Rachel studied Genetics at Leeds University, before completing a PhD in cereal pathology at the John Innes Centre in 2015. After her PhD, Rachel worked as a research scientist to identify sources of resistance to fungal pathogens of wheat, before joining the plant breeding company Limagrain in 2021 as a Cereal Pathologist. At Limagrain, she assists in the formulation of new resistance breeding strategies and provides pathology information and support to both breeders and commercial teams.
University of Nottingham
Surbhi’s research is aligned with the Nottingham BBSRC Wheat Research Centre where a pre-breeding programme is being carried out to introduce genetic diversity from wild relative species into bread and durum wheat. Her research involves using chromosome-specific molecular markers and techniques to identify and track introgressions from various wild species in novel germplasm. Her lab is particularly interested in finding new beneficial traits, such as salt tolerance and rust resistance, in the introgression lines that originate from the presence of wild relative segments.
Joshua works for RAGT as a Wheat Breeder. His role involves developing new wheat varieties adapted for the UK market and introducing new traits into the breeding programme. Prior to joining RAGT, Joshua completed his MSc in Plant Genetics and Crop Improvement at the John Innes Centre.
Carus is the wheat pre-breeder at KWS and is based in the UK. His team’s works aims to identify, and then introduce, desirable allelic variation that is either absent or unrepresented in KWS’ elite wheat breeding pools. This is achieved through intraspecies hybridization, pedigree selection and whole genome SNP fingerprinting. Carus received his Ph.D. in Crop Science from the University of Nottingham in 2018. Prior to this he pursued an MSc in Crop Improvement and a BSc in Biology at the University of Nottingham and the University of the West Indies respectively.
University of Aberystwyth
Christophe is the Head of Group of Plant Genetics at Rothamsted Research. He received his PhD at the University of Birmingham before doing a Postdoc in the Department of Plant Sciences at the University of Cambridge where he studied meiosis. In 2021, he set up his independent research group. His two main research areas are on deciphering the molecular mechanisms that control the pattern of meiotic recombination in germ cells and stabilising yield under climate change by increasing thermo-tolerance of the reproductive tissue. His group uses Arabidopsis for fundamental discoveries and translates findings into wheat to accelerate breeding.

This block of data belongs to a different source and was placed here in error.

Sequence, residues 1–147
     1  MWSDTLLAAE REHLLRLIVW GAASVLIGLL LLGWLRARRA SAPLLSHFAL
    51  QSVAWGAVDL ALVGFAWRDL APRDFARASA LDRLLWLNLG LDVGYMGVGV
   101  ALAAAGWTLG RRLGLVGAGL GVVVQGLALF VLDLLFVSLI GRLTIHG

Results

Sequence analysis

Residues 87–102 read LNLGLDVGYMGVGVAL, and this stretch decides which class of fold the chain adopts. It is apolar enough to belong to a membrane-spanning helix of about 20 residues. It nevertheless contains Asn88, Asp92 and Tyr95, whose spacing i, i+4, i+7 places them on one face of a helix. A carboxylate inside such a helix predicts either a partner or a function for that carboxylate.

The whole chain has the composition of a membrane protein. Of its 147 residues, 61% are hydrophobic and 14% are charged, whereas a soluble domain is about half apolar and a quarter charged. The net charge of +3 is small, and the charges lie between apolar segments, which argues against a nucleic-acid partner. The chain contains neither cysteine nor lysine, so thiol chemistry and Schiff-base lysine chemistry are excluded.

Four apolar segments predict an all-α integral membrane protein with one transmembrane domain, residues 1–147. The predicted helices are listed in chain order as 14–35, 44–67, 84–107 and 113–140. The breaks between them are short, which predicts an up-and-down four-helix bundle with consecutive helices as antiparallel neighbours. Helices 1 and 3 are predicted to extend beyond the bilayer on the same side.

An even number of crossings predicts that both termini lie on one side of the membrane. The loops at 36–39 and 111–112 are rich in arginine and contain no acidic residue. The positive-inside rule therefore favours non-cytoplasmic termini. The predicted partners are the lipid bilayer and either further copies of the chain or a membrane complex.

John Innes Centre
James Hutton Institute
Miriam is a computational biologist at the James Hutton Institute. After her undergraduate at the RWTH Aachen in Germany she moved to Dundee in Scotland for her PhD and stayed on. Her research experience includes all kinds of “Omics” datasets in barley research. Miriam’s latest work as part of the University of Dundee involved the combination of phenotypic, genotypic and expression data in a big association study on spring barley cultivars. At the James Hutton Institute she is working as part of the Information & Computational Sciences Department along multiple research groups, studying the barley pangenomes and pantranscriptomes.
University of Reading
Paola is an Associate professor in Crop Science in the School of Agriculture, Policy and Development at the University of Reading. She has over 20 years experience working in cereal research, with focus on processing quality. A large part of her research effort has aimed at understanding the deposition kinetics of storage proteins and of cell wall components, how theses relate to the development and differentiation of the various grain tissues and to the amount, distribution and chemical characteristics (particularly polymerizing behavior) of gluten protein and cell wall polysaccharides in the mature grains. Increasingly the emphasis of her research is on how environmental effects (biotic and abiotic stresses, crop nutritional inputs) impact on final grain yield, grain processing quality and nutritional characteristics.